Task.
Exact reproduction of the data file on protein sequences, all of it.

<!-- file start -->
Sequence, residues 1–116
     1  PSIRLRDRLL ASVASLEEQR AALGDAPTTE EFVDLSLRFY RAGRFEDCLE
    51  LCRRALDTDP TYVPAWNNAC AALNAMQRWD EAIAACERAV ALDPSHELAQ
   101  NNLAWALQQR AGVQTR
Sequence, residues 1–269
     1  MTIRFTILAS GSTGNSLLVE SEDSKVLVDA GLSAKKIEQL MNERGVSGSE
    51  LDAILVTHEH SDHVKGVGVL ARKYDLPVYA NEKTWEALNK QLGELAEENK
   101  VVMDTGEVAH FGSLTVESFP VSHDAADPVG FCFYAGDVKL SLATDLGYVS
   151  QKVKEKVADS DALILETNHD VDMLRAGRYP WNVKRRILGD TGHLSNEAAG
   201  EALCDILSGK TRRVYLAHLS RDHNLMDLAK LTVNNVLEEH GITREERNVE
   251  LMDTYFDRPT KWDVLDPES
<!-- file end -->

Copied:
Sequence, residues 1–116
     1  PSIRLRDRLL ASVASLEEQR AALGDAPTTE EFVDLSLRFY RAGRFEDCLE
    51  LCRRALDTDP TYVPAWNNAC AALNAMQRWD EAIAACERAV ALDPSHELAQ
   101  NNLAWALQQR AGVQTR
Sequence, residues 1–269
     1  MTIRFTILAS GSTGNSLLVE SEDSKVLVDA GLSAKKIEQL MNERGVSGSE
    51  LDAILVTHEH SDHVKGVGVL ARKYDLPVYA NEKTWEALNK QLGELAEENK
   101  VVMDTGEVAH FGSLTVESFP VSHDAADPVG FCFYAGDVKL SLATDLGYVS
   151  QKVKEKVADS DALILETNHD VDMLRAGRYP WNVKRRILGD TGHLSNEAAG
   201  EALCDILSGK TRRVYLAHLS RDHNLMDLAK LTVNNVLEEH GITREERNVE
   251  LMDTYFDRPT KWDVLDPES